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  • OREGON SHAKESPEARE FESTIVAL

    'Two Trains Running' covers miles with its dialogue

  • It is 1969, and the Vietnam War is hurling the country toward self-immolation. In York, Pa., a couple hours west of Pittsburgh, people are dying in race riots. None of this seeps into Memphis Lee's greasy-spoon diner in the Hill District of Pittsburgh, where life moves in its own rhythms.
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  • It is 1969, and the Vietnam War is hurling the country toward self-immolation. In York, Pa., a couple hours west of Pittsburgh, people are dying in race riots. None of this seeps into Memphis Lee's greasy-spoon diner in the Hill District of Pittsburgh, where life moves in its own rhythms.
    This is a haven whose loquacious denizens are occupied with smaller, more immediate matters. They drink coffee, run numbers, hustle and talk, great Gawdamighty do they talk.
    At its best, August Wilson's dialogue is like a jazz combo on a good night, with speakers swapping lines like improvised riffs. At its most indulgent it's like a soloist who doesn't know when to quit.
    Wilson's "Two Trains Running," which opened Saturday afternoon in the Oregon Shakespeare Festival's Angus Bowmer Theatre, directed by Lou Bellamy, is the 1960s play in his great cycle of history plays about the African-American experience in the 20th century, one play per decade.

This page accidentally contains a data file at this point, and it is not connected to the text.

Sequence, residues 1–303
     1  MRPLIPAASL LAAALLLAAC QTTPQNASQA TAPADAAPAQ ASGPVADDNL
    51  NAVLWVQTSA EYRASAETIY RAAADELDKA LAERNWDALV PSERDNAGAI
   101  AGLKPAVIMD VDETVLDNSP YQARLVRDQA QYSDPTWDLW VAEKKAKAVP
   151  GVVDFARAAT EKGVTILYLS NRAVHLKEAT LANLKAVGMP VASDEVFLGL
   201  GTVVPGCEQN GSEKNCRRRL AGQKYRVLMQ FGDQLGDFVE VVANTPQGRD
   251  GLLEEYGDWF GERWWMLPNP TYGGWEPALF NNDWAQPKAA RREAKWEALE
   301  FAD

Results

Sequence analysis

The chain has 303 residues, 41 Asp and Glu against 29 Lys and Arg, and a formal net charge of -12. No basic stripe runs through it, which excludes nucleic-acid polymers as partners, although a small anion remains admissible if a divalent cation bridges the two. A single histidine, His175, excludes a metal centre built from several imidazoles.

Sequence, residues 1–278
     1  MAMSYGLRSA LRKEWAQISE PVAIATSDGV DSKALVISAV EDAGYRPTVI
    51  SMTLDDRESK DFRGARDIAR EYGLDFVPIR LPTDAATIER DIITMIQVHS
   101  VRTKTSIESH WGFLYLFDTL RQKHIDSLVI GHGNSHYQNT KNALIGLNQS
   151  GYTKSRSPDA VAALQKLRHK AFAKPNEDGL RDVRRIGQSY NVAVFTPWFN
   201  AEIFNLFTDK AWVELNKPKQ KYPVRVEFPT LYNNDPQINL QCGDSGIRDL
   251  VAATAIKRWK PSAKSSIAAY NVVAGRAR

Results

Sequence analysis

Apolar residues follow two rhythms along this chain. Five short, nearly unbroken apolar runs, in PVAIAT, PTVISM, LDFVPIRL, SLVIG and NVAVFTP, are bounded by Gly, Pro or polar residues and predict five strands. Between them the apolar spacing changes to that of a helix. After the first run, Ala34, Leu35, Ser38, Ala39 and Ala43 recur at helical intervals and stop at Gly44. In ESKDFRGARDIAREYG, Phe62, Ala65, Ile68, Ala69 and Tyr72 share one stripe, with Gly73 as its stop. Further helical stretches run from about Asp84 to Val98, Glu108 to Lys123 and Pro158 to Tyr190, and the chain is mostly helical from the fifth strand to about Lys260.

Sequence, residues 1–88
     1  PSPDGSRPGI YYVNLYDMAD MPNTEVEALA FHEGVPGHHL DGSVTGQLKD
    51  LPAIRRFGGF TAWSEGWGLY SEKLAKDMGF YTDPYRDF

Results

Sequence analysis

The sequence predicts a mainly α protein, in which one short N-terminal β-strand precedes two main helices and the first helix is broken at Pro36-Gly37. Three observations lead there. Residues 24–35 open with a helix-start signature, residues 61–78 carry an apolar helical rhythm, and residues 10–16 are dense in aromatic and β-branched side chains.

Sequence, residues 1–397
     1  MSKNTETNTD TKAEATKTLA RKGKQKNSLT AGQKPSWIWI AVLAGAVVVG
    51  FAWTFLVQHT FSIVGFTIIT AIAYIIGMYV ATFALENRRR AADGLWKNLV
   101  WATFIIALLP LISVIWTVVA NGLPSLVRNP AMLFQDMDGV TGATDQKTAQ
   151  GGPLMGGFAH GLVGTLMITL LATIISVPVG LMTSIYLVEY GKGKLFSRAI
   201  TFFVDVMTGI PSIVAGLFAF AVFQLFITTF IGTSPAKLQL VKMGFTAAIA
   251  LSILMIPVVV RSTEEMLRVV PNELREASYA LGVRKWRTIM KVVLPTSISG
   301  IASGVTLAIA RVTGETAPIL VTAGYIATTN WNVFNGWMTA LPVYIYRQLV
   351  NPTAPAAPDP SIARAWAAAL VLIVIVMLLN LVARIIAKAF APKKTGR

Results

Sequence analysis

Memphis (Terry Bellamy), who fled Jim Crow in the 1930s, wants a fair price for his restaurant, which is chronically out of almost everything on the menu. It represents Memphis's life's work, wrung by dint of heroic efforts from an unjust system. It is doomed by an ill-conceived urban renewal program. West (Jerome Preston Bates), the neighborhood's greedy undertaker, has offered $15,000, but Memphis hopes to get $25,000 from the city.
    Memphis is onto the racist system that abuses him but blind to his own routine abuse of his lone employee, Risa (Bakesta King), a waitress the leisure of whose gait is matched only by her indifference.
    Memphis enjoys gabfests with Holloway (Josiah Phillips), a neighborhood philosopher who can nurse a coffee for hours. He's less tolerant of Wolf (Kenajuan Bentley), a numbers runner who ties up the phone, and Hambone (Tyrone Wilson), a mentally ill street person obsessed with the ham he was cheated out of for a paint job he did a decade ago when the merchant gave him only a chicken.
    Enter Sterling (Kevin Kenerly), a young ex-con who's just done five years for robbing a bank. Jobs are scarce, and Sterling doesn't want to go back to prison. His plan for the future is to hit a winning number with Wolf, marry Risa, who sees he's bad news, and take his stake to Las Vegas.
    Nothing much happens except for a resolution of Memphis's real estate problem and an off-stage death. Everything unfolds in talk, and the themes are big ones: justice, futility, charismatic leaders (Malcolm X, Prophet Samuel, a passing mention of Martin Luther King Jr.), money, death. That's the script, not the direction. Bellamy, the artistic director of Penumbra Theatre in St. Paul, Minn., has done Wilson more than anybody and has his hand firmly on the helm.